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July 17, 2008

Ask Rana

Advice on Work, Life & Play

Internationally syndicated advice columnist


I’ve been in the same job for two years with no promotions except for a slight cost of living adjustment. I typically clock over 60 hours a week and I sit idly by watching colleague after colleague climb the corporate ladder. I finish my work; get my projects in on budget and on deadline but with no kudos. What do I need to do to get a decent promotion?



(image from art-of-negotiation.blogspot.com)


The key word here is idly. You CAN’T sit idly by and wait for a promotion to get handed to you on a silver platter! My brother was in the same position and I was flabbergasted when he told me he made his request heard by muttering under his breath as he passed his boss in the hallway or passively aggressively joked about wanting a promotion. Here are 10 easy steps to a promotion.

  1. Schedule an appointment with your boss for an hour meeting with the subject of the meeting as “career development.” 
  2. Do your homework! Make a list of all your accomplishments and successes in your current position and bring it to the meeting.
  3. Start the meeting by telling your boss how much you appreciate the time they took to meet with you and how happy you are working there. Go through your accomplishments and explain that you feel it’s time to move on to something more challenging.
  4. Clearly state what position(s) you are seeking and the value you bring to the organization.
  5. Lock your boss into a deadline and next steps by asking how soon they can help make that happen or get a clear picture of what you need to do to make that happen.
  6. Get concise information about the salary range for the position.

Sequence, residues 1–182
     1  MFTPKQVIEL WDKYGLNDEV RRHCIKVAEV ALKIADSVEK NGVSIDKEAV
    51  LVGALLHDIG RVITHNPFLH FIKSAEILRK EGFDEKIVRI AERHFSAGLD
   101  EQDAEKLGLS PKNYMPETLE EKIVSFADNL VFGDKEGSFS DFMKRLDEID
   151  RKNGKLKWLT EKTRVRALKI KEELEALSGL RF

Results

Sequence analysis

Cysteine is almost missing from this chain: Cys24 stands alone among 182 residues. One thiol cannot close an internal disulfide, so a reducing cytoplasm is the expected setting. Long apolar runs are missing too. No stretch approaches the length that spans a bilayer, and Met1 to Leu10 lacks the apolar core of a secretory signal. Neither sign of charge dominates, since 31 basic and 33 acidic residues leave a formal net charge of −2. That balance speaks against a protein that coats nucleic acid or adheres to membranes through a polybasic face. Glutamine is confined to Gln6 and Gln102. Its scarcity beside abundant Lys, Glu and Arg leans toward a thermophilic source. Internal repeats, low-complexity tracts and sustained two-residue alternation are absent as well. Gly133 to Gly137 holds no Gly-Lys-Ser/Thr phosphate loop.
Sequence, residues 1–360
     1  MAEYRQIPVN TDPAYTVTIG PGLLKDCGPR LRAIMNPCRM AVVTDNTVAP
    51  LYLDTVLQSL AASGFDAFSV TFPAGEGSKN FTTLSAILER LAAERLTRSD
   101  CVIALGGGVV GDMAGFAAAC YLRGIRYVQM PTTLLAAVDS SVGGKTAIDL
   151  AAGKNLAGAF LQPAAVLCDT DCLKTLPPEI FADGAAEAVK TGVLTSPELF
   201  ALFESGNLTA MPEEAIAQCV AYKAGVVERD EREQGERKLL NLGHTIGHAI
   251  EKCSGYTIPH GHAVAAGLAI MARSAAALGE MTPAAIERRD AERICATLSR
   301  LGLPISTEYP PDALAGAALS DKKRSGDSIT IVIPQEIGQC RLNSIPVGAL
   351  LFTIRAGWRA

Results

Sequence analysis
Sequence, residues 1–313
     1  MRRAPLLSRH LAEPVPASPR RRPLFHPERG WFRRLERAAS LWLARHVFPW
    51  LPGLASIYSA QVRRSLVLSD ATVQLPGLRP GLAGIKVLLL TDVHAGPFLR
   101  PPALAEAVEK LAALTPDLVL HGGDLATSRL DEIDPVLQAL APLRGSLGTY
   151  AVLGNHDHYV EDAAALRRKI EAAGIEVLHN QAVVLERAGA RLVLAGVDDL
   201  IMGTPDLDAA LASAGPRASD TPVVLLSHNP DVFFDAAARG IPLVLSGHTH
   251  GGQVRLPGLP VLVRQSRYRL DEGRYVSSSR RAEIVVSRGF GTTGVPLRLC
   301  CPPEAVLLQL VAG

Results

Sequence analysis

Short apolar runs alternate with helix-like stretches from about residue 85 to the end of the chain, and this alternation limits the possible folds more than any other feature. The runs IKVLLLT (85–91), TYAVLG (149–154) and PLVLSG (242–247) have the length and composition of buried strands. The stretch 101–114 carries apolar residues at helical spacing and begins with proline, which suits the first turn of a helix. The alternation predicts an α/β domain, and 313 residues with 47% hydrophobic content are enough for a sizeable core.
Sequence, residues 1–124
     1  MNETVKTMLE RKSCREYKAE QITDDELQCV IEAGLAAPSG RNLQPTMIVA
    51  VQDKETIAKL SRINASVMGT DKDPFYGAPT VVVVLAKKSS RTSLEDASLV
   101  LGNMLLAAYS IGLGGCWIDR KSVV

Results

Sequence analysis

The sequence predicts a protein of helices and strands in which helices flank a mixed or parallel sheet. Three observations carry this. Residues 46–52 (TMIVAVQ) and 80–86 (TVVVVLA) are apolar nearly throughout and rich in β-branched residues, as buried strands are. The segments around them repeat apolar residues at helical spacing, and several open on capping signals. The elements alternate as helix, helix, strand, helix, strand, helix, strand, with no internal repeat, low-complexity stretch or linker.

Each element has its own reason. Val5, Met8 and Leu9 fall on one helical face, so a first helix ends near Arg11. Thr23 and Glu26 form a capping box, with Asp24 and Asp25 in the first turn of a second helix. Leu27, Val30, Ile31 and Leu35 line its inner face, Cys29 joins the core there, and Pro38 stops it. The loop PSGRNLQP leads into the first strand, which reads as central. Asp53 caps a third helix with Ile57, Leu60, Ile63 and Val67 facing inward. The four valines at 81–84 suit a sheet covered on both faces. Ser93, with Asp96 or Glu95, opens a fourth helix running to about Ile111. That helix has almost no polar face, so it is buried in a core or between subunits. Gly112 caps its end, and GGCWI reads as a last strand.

7. Explain that you will do whatever it takes to help expedite the process and train your replacement.
  8. In the meantime, make sure you are not just sitting idly by. Update your resume and cover letter.
  9. Submit your resume to several other organizations and find a headhunter.
  10. One month prior to the deadline, schedule another meeting with your boss to see if the timeline is on track. If it isn’t, get clear answers as to why. If you feel you are getting the runaround, explain that you are dedicated to helping the organization advance but that you feel it’s time to take your career to the next level and if they can’t help you do that, then you will have to try to do it elsewhere. If your boss says it is on track, then make sure to check back one week prior to the deadline and congratulations!

April 14, 2008

David :Entrepreneurship, Creative Class Strategies

Solar Powered Medical Equipment from Dayton's Creative Class

In early March, under the leadership of SOCHE, Richard, Steven, Lou, Rana, and I worked with 32 catalysts in Dayton, Ohio. The energy of the people, the strength of the art community, the leading universities, and the culture of innovation (from the Wright Brothers to Wright-Patterson) made for an exciting couple of days.

I recently came across a great example of the Dayton's creative assets in action. This article from the University of Dayton highlights the winner of their recent business plan competition.

From the piece:

Salud del Sol, an innovative new business from a team of University of Dayton students aimed at bringing the 'health of the sun' to medical treatment in developing countries, took home the $10,000 first prize to help get the venture off the ground.

Winning the 2008 University of Dayton Business Plan Competition, the team of Lauren Dokes, Lori Hanna, Daniel Hensel and Anna Young created a business plan to develop and market solar cookers and solar-powered sterilizers.

Salud del Sol tapped other expertise at the University including engineering, international development and social entrepreneurship, according to project member Lori Hanna, a mechanical engineering major. The project – the basis of her senior honors thesis – grew from an internship in rural Nicaragua through UD 's Engineers in Technical Humanitarian Opportunities of Service-learning (ETHOS) program.